As an art student, I can safely say that there is a fine line between ‘tasteful’ nudity and borderline pornography. Tasteful nudity in art usually doesn’t allow suggestive poses or looks, but when it does, it starts to fall along the lines of borderline pornography.

    And most men’s magazines that I’ve seen do not fall along ‘tasteful’ whatsoever.

  3. Kailin Says:

    Really good topic, Kathy,

    Obviously this is a hot button for men and women. I think magazines in general and even television tend to cause people to compare.

    Fashion magazines are just as bad as men’s magazines because the models are not your average person as in weight/height and looks in general. It creates an unrealistic standard for many people.

  4. G Says:

    Female models just F everyone up *shakes head*

  5. Mikee Says:

    This study proves nothing other than the fact that insecure people are insecure. They were insecure long before sexy women graced the covers of magazines and commercials told us we should like certain things and look a certain way. I don’t care if these insecurites are reinforced by more attractive people being thrown in our faces. The main problem is the insecurity.

    Objectified means nothing, really.

    To prove everything in my post, Kristin Laura Kreuk should accept every offer from every men’s magazine. I believe this is important for this study.

  6. Ashley Says:

    Personally none of it is…it’s mainly something we all see and think ‘oh she’s a slut’ cause she is photographed with it all hanging out. I don’t see it as objectifying anyone I see it as art or as another way of saying I’m happy being me no matter how much is showing or what magazine their on. I’m not sure if it’s just my opinion that it isn’t an objectifying thing, but I mean really it’s nothing to feel like you’re not good enough about….because every single one of you are as good if not better than those magazines.

  7. Kailin Says:

    Mikee –

    – “To prove everything in my post, Kristin Laura Kreuk should accept every offer from every men’s magazine. I believe this is important for this study.” – sounds like something M.R. would say. I kid I kid, but what a sense of humor.

    I do agree 100% with you on that it boils down to insecurity. People feeling secure about themselves can appreciate an attractive person for what they are – an attractive person. But on the other hand…there are many insecure people, and unfortunately, one’s body image especially during adolescence with all the awkward new changes going on…tend to bring some insecurity for a little while. Even the most attractive people have some insecurities once in a while. You hear it all the time, models saying they were weird or geeky growing up or that they were the awkward too skinny kid. Unfortunately, I’m seeing this even at a younger age – 4 year olds looking at themselves in the mirror and saying they’re too skinny. My niece for instance…beautiful little girl who is tall and thin for her age, but is constantly putting herself down for being too skinny. Her preschool classmates at age 4 are already doing the comparison thing and trying to make her feel bad about herself for having skinny legs. So…it takes major reinforcement and praise of her other talents, skills, gifts, etc. to help rebuild her self-esteem. Yes, rebuilding self-esteem and confidence at age 4!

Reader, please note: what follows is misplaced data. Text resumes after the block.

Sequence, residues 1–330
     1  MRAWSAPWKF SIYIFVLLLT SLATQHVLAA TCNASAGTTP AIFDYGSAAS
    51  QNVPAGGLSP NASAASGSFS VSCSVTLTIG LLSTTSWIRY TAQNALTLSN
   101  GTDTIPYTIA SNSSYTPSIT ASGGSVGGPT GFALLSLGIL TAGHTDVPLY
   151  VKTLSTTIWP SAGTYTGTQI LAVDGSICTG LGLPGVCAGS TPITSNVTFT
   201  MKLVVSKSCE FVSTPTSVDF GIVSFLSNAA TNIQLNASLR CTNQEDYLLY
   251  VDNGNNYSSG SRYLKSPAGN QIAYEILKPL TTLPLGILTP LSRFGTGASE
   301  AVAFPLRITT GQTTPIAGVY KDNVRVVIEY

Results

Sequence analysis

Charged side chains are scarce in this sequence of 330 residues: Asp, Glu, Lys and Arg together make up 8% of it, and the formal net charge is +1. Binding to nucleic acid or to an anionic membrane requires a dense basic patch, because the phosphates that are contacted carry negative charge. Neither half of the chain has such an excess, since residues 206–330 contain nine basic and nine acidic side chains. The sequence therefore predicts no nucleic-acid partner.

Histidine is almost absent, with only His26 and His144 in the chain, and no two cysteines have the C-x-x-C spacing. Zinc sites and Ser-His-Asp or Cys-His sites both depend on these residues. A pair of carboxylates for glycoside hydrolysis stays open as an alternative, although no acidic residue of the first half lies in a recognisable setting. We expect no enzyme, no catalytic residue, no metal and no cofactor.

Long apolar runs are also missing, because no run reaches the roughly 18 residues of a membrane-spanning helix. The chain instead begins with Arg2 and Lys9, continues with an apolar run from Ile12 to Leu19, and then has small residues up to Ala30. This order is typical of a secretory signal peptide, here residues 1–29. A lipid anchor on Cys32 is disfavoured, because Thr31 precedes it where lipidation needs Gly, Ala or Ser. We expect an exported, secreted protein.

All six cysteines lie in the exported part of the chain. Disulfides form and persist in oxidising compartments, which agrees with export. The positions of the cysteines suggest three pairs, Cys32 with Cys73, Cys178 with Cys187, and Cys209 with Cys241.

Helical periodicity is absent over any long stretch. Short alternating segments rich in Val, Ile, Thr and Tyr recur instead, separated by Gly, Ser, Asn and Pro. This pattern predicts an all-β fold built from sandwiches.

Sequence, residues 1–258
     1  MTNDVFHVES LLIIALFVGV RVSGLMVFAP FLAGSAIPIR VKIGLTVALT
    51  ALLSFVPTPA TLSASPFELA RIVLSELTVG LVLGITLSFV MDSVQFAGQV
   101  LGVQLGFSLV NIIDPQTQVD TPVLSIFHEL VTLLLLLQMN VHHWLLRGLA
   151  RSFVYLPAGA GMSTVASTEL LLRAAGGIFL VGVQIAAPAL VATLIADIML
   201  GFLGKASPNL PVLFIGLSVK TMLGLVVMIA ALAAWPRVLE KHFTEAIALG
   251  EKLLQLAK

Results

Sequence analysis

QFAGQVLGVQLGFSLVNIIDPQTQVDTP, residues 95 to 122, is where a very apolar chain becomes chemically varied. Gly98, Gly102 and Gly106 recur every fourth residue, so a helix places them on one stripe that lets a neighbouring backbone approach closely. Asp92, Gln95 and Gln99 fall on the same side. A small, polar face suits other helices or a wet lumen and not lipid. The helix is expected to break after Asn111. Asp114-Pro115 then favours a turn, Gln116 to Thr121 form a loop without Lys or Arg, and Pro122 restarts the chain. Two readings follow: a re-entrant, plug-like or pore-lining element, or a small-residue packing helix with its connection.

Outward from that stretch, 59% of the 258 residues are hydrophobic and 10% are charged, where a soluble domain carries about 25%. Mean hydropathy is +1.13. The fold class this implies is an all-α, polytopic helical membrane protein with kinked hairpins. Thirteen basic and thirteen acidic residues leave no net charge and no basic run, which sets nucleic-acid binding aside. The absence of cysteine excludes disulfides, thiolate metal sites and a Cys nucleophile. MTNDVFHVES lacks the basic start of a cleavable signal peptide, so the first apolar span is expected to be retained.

Babies see images early on…that’s all they see, and they begin to understand the world (their world) based on the images they see, among other things….there are way too much info I can add on babies in this post….so in a nutshell…Ideally, everyone would be secure in their own skin and person. But unfortunately, we don’t live in an ideal world.

  8. Kailin Says:

    @ Kathy

    A sociology major? Me, too! Except, my major was Social Ecology – Sociology, Criminology, Psychology, and Ecology (yes, one major embodying all of that!) I double majored in that and Drama, with almost a minor in Film Studies. Then I went to grad school for Communications Management. USC, Yay! Go Trojans! I highly enjoyed university and would encourage everyone if they have the opportunity, to go. Invaluable learning experience.

  9. dom Says:

    the biginning is surprising …
    but about ” what’s all this about “objectification”? …What about when people provide entertainment through acting or music? Is that objectification?”

    I think the difference between magazines and works of art that is precisely
    that the work of art is not just only one thing there is a transcendence
    something more than the Object otherwise it has no interest work.
    Sometimes may be in some magazine you can find artists (photo) who made some more (over)
    than simple sexy photo paper …

  10. ESS Says:

    Gina, you’re absolutelyright… to a point. There is a very fine line. However that fine line is in different place on a very large sliding scale depending on the individual. It’s just like looking at a painting. Everyone sees something different. There really are no right or wrong answers on this. I’ve heard other people over the years saing we need to get rid of magazines like this. If you open that Pandora’s Box called censorship what do we lose next. I know no one here is advocating that, but it’s something to keep in mind. I personally feel that magazine’s like Maxim and FHM are a little ridiculous. But that is definitely what they are going for. It’s also kind of funny that the editorial staffs of those magazines have a lot of females. Maybe that’s it. They’re trying to make men insecure to level the playing field to where it should be.